Most scholars still believe that for four centuries after his death, Demetrius had no physical relics, and in their place an unusual empty shrine called the "ciborium" was built inside Hagios Demetrios. What were purported to be his remains subsequently appeared in Thessaloniki, but the local archbishop John, who compiled the first book of the Miracles ca. 610, was publicly dismissive of their authenticity. The relics were assumed to be genuine after they started emitting a liquid and strong-scented myrrh. This gave Demeterius the epithet Myroblyte.

15th-century icon of St Demetrius (Russian State Museum, Saint Petersburg)

In the Russian Orthodox Church, the Saturday before the Feast of Saint Demetrius is a memorial day commemorating the soldiers who fell in the Battle of Kulikovo (1380), under the leadership of Demetrius of the Don. This day is known as Demetrius Saturday. Demetrius was a patron saint of the Rurik dynasty from the late 11th century on. Izyaslav I of Kiev (whose Christian name was Dimitry) founded the first East Slavic monastery dedicated to this saint.

The Bulgarian Orthodox Church and the Romanian Orthodox Church revere Demetrius on 26 October (Димитровден Dimitrovden in Bulgarian); meanwhile the Serbian Orthodox Church and Macedonian Orthodox Church (Ohrid) and the Coptic Church have a feast on 8 November (called Митровдан in Serbian and Митровден in Macedonian).

The names Dimitry (Russian), Dimitar (Bulgarian), Mitri (short form of Dimitri in Lebanon) are in common use.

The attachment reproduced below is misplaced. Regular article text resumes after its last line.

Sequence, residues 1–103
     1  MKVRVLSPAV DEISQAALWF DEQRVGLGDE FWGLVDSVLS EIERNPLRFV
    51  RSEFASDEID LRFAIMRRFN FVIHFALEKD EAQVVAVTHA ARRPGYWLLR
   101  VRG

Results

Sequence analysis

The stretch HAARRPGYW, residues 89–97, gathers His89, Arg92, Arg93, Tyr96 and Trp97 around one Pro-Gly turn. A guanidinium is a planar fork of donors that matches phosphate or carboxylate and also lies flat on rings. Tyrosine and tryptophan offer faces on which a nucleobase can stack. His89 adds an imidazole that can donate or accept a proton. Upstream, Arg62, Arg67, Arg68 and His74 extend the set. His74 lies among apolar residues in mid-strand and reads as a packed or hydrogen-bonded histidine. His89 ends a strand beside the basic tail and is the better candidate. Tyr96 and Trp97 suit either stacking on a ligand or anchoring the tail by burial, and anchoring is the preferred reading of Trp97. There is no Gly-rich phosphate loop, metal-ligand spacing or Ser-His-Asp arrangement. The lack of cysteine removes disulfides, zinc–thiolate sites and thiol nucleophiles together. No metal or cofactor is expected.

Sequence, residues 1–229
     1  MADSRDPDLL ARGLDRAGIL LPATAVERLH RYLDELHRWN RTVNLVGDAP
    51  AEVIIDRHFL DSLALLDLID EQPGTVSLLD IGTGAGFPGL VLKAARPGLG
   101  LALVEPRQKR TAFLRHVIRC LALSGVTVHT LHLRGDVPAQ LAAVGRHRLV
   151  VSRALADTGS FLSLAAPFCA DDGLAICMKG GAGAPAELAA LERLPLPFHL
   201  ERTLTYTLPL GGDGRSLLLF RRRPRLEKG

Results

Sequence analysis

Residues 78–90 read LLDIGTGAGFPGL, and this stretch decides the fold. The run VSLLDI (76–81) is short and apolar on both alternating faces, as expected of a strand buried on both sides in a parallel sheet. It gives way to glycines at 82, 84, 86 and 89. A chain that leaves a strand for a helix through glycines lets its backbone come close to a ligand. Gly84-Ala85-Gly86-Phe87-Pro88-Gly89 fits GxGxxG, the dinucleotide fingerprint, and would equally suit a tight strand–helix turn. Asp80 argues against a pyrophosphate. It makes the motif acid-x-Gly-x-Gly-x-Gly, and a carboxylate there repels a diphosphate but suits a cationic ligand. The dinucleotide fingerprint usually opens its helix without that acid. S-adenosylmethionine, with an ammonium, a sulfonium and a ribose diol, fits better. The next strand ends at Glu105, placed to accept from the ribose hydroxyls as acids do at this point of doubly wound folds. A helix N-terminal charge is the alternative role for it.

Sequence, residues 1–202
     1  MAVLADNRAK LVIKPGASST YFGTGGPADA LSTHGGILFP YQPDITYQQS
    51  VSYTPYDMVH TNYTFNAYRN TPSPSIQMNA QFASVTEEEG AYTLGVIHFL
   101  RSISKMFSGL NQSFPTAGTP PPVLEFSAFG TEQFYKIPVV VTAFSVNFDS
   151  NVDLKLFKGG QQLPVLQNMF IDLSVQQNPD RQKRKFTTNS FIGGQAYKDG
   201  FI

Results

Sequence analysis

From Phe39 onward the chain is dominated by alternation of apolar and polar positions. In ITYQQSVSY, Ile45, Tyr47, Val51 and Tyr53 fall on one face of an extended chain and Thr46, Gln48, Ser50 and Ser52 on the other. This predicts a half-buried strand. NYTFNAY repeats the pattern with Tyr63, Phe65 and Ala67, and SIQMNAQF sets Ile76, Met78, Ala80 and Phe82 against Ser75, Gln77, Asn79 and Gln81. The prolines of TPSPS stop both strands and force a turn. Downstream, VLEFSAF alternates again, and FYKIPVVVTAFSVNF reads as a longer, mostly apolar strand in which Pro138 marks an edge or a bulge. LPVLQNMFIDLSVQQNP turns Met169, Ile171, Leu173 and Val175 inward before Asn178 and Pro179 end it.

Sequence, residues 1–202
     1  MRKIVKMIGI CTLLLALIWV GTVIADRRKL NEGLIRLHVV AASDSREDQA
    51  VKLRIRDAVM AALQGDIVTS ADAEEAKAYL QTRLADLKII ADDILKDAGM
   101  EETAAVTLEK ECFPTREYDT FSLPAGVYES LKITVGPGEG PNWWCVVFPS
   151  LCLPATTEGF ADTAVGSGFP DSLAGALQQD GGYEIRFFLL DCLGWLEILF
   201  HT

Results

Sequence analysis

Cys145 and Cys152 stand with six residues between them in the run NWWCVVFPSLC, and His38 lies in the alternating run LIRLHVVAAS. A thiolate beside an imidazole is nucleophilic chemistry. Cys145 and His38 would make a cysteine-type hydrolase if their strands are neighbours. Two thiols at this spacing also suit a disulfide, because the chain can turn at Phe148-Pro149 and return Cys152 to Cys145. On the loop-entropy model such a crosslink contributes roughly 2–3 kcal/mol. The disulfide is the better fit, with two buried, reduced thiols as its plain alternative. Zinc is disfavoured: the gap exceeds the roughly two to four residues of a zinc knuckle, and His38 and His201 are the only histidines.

Byzantine icon of the 10th century (Metropolitan Museum of Art)
Modern Bulgarian icon of Demetrius spearing the gladiator Lyaeus, who is dressed in rather Turkish style (1824).

The hagiographic cycles of the Great Martyr Demetrius of Thessaloniki include depictions of scenes from his life and his posthumous miracles. Demetrius was initially depicted in icons and mosaics as a young man in patterned robes with the distinctive tablion of the senatorial class across his chest. Miraculous military interventions were attributed to him during several attacks on Thessaloniki, and he gradually became thought of as a soldier: a Constantinopolitan ivory of the late 10th century shows him as an infantry soldier (Metropolitan Museum of Art). But an icon of the late 11th century in Saint Catherine's Monastery on Mount Sinai shows him as before, still a civilian. In Byzantine icons he is depicted in military dress, either standing or riding a horse.

Another Sinai icon, of the Crusader period and painted by a French artist working in the Holy Land in the second half of the 12th century, shows what then became the most common depiction. Demetrius, bearded, rather older, and on a red horse, rides together with George, unbearded and on a white horse. Both are dressed as cavalrymen. Also, while George is often shown spearing a dragon, Demetrius is depicted spearing the gladiator Lyaeus (Λυαίος Lyaíos), who according to story was responsible for killing many Christians. Lyaeus is commonly depicted below Demetrius and lying supine, having already been defeated; Lyaeus is traditionally drawn much smaller than Demetrius. In traditional hagiography, Demetrius did not directly kill Lyaeus, but rather through his prayers the gladiator was defeated by Demetrius' disciple, Nestor.

A modern Greek iconographic convention depicts Demetrius with the Great White Tower in the background. The anachronistic White Tower acts as a symbolic depiction of the city of Thessaloniki, despite having been built in the 16th century, centuries after his life, and the exact architecture of the older tower that stood at the same site in earlier times is unknown. Again, iconography often depicts saints holding a church or protecting a city.